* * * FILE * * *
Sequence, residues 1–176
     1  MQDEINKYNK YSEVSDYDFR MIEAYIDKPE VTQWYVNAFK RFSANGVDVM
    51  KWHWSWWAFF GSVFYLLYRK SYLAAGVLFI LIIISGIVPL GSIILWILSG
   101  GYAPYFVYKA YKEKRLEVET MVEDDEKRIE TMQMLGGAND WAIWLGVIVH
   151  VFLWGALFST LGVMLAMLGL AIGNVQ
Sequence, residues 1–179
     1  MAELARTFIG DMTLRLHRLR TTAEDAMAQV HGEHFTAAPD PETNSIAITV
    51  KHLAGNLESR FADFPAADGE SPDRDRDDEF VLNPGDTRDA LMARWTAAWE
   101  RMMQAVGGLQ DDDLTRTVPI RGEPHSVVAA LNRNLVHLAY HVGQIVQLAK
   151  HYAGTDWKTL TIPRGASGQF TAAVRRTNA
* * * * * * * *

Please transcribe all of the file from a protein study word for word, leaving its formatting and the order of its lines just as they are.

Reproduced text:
Sequence, residues 1–176
     1  MQDEINKYNK YSEVSDYDFR MIEAYIDKPE VTQWYVNAFK RFSANGVDVM
    51  KWHWSWWAFF GSVFYLLYRK SYLAAGVLFI LIIISGIVPL GSIILWILSG
   101  GYAPYFVYKA YKEKRLEVET MVEDDEKRIE TMQMLGGAND WAIWLGVIVH
   151  VFLWGALFST LGVMLAMLGL AIGNVQ
Sequence, residues 1–179
     1  MAELARTFIG DMTLRLHRLR TTAEDAMAQV HGEHFTAAPD PETNSIAITV
    51  KHLAGNLESR FADFPAADGE SPDRDRDDEF VLNPGDTRDA LMARWTAAWE
   101  RMMQAVGGLQ DDDLTRTVPI RGEPHSVVAA LNRNLVHLAY HVGQIVQLAK
   151  HYAGTDWKTL TIPRGASGQF TAAVRRTNA